For all that that might throw off a lot of its readers, it's a talent that nearly no one... can work with such flawless expertise. The very fact that Susan Cooper can write two books--as a part of the same series, one following right after the other--that are 100% different, that share almost nothing with each other except for one character and one small mention--not even by name--of the last book, is astounding! Where do you FIND authors that can do that now?! Who can accomplish such a feeling of estrangement and duty all wrapped into one piece?! It's the very epitome of talent! It's incredible, because it is so magnificently done. Anyone that can go from the first book to this one and see the range, see the capabilities of this authoress will know: she's amazing. Because so few today can write like her. And much fewer can accomplish the mood and feelings she evokes in you, as wholly and beautifully as she does.

Is she the best author in the world? I doubt there even is such a thing. But she has profound talent, and she has a way of carrying a story so that it's unusual, it's strange, and it calls to you--it brings you in. That in itself is worth the time of reading.

If you've not heard of this series before, begin it with Over Sea, Under Stone. And for those of you who might be a little off-put by the difference between the first book and this one: never fear, and don't throw the series aside. The first two books were drastically different from one another, but they intermingle in the end to create a more potent and awesome story. That's what first drew me in by this unusual series: the fact that it wasn't your everyday "Good versus Evil" babble. This is different. Give it a chance: all the way to the end. It's great for variety, but it's also great in its own right. At the very least, it deserves a shot, for being unique and unlike any other story I personally had and have read that falls under such a complex theme. Good versus Evil, Light versus Dark... a tale of King Arthur... a story rich with folklore you never hear about.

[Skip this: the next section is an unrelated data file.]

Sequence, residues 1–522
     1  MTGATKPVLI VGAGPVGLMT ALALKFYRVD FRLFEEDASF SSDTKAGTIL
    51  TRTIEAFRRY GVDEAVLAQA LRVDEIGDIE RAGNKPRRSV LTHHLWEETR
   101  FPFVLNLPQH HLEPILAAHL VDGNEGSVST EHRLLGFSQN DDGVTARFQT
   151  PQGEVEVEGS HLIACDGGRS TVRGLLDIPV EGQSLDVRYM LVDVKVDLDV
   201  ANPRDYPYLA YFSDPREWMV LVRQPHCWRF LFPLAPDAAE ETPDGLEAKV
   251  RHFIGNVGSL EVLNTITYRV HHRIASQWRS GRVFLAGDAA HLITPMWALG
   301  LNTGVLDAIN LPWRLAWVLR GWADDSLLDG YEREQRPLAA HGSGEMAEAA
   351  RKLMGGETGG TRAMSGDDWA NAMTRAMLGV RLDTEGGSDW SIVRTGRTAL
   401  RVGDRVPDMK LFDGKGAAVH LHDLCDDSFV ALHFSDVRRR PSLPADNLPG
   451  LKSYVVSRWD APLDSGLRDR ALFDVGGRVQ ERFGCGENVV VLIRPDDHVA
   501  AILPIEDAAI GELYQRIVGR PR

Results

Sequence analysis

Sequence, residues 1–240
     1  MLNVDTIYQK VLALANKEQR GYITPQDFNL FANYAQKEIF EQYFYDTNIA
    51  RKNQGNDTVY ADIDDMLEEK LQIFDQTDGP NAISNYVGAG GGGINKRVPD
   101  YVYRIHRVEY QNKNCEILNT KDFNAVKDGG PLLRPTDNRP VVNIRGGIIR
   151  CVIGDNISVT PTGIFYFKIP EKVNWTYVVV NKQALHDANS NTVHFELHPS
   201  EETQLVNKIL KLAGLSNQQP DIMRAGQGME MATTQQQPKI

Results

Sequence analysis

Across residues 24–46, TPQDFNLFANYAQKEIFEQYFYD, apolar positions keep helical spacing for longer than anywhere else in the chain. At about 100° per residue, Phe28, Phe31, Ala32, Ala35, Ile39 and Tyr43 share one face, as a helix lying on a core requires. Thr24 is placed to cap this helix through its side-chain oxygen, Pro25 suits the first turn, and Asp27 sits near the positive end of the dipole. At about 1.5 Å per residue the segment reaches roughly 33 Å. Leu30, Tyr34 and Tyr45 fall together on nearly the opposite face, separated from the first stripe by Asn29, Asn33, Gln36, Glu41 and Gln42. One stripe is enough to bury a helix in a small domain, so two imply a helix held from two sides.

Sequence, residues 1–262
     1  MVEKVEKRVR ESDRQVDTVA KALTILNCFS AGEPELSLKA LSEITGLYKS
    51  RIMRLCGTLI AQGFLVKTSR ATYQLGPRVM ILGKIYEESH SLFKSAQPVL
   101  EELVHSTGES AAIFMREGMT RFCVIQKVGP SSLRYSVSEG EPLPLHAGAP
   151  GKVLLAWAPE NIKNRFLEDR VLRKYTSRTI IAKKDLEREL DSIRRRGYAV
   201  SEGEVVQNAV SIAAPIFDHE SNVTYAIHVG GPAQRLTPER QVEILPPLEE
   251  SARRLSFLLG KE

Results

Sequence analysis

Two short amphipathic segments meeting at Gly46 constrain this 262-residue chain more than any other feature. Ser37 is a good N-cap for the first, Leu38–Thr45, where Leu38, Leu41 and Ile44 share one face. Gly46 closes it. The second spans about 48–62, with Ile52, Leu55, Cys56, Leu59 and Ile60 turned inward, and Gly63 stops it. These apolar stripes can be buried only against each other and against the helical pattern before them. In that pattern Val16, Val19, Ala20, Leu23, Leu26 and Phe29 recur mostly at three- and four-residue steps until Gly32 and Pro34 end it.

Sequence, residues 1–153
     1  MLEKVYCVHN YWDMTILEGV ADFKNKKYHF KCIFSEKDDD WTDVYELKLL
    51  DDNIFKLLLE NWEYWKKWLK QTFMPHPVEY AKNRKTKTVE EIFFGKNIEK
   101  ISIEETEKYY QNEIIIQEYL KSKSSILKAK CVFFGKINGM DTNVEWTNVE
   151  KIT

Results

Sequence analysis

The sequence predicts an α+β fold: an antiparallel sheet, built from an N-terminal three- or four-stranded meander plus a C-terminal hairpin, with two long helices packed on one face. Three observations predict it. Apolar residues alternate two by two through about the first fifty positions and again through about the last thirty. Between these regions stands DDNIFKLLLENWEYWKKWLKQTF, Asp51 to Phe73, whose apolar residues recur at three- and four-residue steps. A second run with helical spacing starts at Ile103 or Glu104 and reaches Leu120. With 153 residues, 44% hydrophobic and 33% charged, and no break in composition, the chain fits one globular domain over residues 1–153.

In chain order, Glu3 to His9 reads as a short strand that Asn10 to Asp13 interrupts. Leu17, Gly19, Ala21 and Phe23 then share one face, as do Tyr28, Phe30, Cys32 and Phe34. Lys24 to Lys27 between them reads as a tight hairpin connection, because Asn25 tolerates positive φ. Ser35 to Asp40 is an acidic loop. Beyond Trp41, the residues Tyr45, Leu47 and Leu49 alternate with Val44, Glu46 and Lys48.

So, what are you waiting for? I'll meet you all in Greenwitch, book three. ( )
  N.T.Embe | Dec 31, 2013 |
This book has maybe one of my favourite ways of looking at England, the country and people:

"He saw one race after another come attacking his island country, bringing each time the malevolence of the Dark with them, wave after wave of ships rushing inexorably at the shores. Each wave of men in turn grew peaceful as it grew to know and love the land, so that the Light flourished again."

It doesn't quite work, I think: there's the issue of colonialism, which was arguably wave after wave of the Dark coming out of our island (and the English, Welsh, Scottish and Irish have never yet sat perfectly comfortably together, there's still colonialism at work there). And there's, well, the BNP and the EDL, etc. But recognising that that is Britain's identity -- our genetic makeup, our language, our history -- is something a lot of people forget. We can't say "get out, foreigners"; most of us have ancestors from elsewhere, somewhere along the family tree.